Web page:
You may think that your VPN or other anonymity solution keeps your real location private --- but DNS leaks may give you away. Here's a DNS leak test to find out if you're really hidden.
The Internet's DNS system translates domain names like ITWorld.com to numeric IP addresses like 126.96.36.199. Internet servers only understand IP addresses. So when you type in a domain name, the request goes to a DNS server, which translates it to an IP address, and your request goes on its merry way to the Web site.
DNS servers do this translation work. You may be using your service provider's DNS servers, or those run by a third party such as Google or OpenDNS. Those interested in finding out your location can use this DNS information to know where you currently are.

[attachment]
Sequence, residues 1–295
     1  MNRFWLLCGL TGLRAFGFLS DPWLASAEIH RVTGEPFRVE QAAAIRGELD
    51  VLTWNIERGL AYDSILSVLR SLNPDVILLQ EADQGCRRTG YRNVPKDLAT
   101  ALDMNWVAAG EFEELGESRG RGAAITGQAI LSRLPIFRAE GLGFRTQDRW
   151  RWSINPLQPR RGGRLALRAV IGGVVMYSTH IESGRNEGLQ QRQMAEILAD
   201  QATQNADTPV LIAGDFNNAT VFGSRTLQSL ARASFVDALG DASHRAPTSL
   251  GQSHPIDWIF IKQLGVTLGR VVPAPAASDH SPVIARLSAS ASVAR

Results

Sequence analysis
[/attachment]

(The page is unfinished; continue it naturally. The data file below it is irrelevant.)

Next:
VPNs and other privacy services solve the problem by going through a VPN or similar service before using a DNS server. That way, the DNS information can't be snooped upon.
But in certain circumstanced you can have a DNS leak --- you contact the public DNS server before first going through the VPN. And you won't even know about it.
There's a way to find out. Go to DNSleaktest.com and run either the standard or extended leak test. If you see only the DNS server run by your VPN, you're safe. If you see another one, or multiple ones, you've got a VPN leak. There are several ways to fix VPN leaks --- head here to see them.